Section 3 – Pavia Aid Station to Chappelle Aid Station – water/electrolyte drinks/snacks (4.2 miles | +1300 ft. / -450 ft.)
Racers will cross Pavia/Knob Road (at 7.3 miles) and here will be a full aid station. Then racers will run up a section of single track with Pavia Run on the left before making a sharp right up Rock ‘N Ridge Trail and up the spine of the ridge. Overall, there is a climb on both ends of this trail, at the beginning and just before the turn to the right at the top. Runners will now run along the mountain before making a left and dropping down into Pavia Run for 0.8 miles. When you reach the bottom, it will be at mile 10 of the course. The course will turn make a sharp right and up the western fork of Pavia Run before making a slight left and then up out of the hollow. After making another sharp right, runners will be near Chappell Field on the left. At the top of the field is an aid station and you are at mile 11.4. Expect only water at this station.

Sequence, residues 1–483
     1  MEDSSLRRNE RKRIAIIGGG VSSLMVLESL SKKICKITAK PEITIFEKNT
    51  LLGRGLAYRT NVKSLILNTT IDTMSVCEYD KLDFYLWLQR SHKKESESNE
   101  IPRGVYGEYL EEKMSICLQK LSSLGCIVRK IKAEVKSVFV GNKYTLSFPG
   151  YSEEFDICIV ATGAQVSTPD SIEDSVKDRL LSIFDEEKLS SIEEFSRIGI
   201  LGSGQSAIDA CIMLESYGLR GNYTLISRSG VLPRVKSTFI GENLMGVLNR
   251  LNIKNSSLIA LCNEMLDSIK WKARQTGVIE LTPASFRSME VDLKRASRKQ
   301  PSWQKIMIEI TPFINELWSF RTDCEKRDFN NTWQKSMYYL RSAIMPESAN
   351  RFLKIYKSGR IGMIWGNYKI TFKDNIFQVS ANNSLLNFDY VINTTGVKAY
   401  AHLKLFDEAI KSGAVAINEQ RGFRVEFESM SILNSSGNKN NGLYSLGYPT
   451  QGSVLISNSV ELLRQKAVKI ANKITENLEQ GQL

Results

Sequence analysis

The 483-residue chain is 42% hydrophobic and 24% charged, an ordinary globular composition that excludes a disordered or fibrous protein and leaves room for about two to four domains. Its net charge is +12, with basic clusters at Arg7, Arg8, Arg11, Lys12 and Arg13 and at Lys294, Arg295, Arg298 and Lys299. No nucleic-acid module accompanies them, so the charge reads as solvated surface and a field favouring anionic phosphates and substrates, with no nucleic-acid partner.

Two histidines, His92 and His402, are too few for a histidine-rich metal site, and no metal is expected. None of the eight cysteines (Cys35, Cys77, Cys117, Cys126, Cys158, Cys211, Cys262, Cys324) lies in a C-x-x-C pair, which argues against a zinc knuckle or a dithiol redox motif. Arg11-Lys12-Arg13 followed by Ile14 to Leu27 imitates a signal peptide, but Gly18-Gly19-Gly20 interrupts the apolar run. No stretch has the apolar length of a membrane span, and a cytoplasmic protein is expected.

Section 4 – Chappelle Field Aid Station to Ravens Rest Aid Station. (2.6 miles | +400 ft. / -575 ft.)
From the aid station, runners will glide on a flat double track a quarter-mile until an intersection with a paved service road and several trails. Take the uppermost trail – for the race we call it Upper Ridge Trail (marked Rock ‘N Ridge Trail though on a different section of trail from earlier). Enjoy some flat yet mildly technical singletrack for a half-mile before going around a hollow and then the course turns sharply up Deep Hollow at mile 12.8. The course follows an abandoned trail to the top of the mountain. It’s steep yet short … 400 feet in 0.4 miles. At the top the course will merge onto a mountain bike trail and descend all the way to Sawmill Trail. This downhill is steep and somewhat eroded, dropping more than 500 feet in 0.6 miles. The course will now be on Sawmill Trail, a double track, and will bear to the left around a parking area before emerging out of the woods. Runners will run down the field to Raven Rest Aid Station at 14.2 miles.
Section 5 – Raven Rest AS to Hairpin AS (4 miles | +1410 feet / -570 ft.)